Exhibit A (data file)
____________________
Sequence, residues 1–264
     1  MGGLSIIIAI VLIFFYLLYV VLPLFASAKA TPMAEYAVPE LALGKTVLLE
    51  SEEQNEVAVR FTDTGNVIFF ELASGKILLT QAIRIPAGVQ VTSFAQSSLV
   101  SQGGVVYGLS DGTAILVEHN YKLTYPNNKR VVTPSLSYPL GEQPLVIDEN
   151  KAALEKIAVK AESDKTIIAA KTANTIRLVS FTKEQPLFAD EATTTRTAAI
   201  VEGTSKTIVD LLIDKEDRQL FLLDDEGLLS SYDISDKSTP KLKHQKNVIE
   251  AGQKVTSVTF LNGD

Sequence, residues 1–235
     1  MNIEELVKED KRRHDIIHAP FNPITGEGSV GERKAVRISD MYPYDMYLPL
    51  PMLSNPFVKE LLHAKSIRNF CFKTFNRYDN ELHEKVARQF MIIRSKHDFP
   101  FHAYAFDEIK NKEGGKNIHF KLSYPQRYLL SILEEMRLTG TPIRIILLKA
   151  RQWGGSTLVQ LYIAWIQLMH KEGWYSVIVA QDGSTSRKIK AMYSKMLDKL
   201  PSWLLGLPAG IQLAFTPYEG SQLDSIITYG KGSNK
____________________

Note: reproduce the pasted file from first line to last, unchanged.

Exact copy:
Sequence, residues 1–264
     1  MGGLSIIIAI VLIFFYLLYV VLPLFASAKA TPMAEYAVPE LALGKTVLLE
    51  SEEQNEVAVR FTDTGNVIFF ELASGKILLT QAIRIPAGVQ VTSFAQSSLV
   101  SQGGVVYGLS DGTAILVEHN YKLTYPNNKR VVTPSLSYPL GEQPLVIDEN
   151  KAALEKIAVK AESDKTIIAA KTANTIRLVS FTKEQPLFAD EATTTRTAAI
   201  VEGTSKTIVD LLIDKEDRQL FLLDDEGLLS SYDISDKSTP KLKHQKNVIE
   251  AGQKVTSVTF LNGD

Sequence, residues 1–235
     1  MNIEELVKED KRRHDIIHAP FNPITGEGSV GERKAVRISD MYPYDMYLPL
    51  PMLSNPFVKE LLHAKSIRNF CFKTFNRYDN ELHEKVARQF MIIRSKHDFP
   101  FHAYAFDEIK NKEGGKNIHF KLSYPQRYLL SILEEMRLTG TPIRIILLKA
   151  RQWGGSTLVQ LYIAWIQLMH KEGWYSVIVA QDGSTSRKIK AMYSKMLDKL
   201  PSWLLGLPAG IQLAFTPYEG SQLDSIITYG KGSNK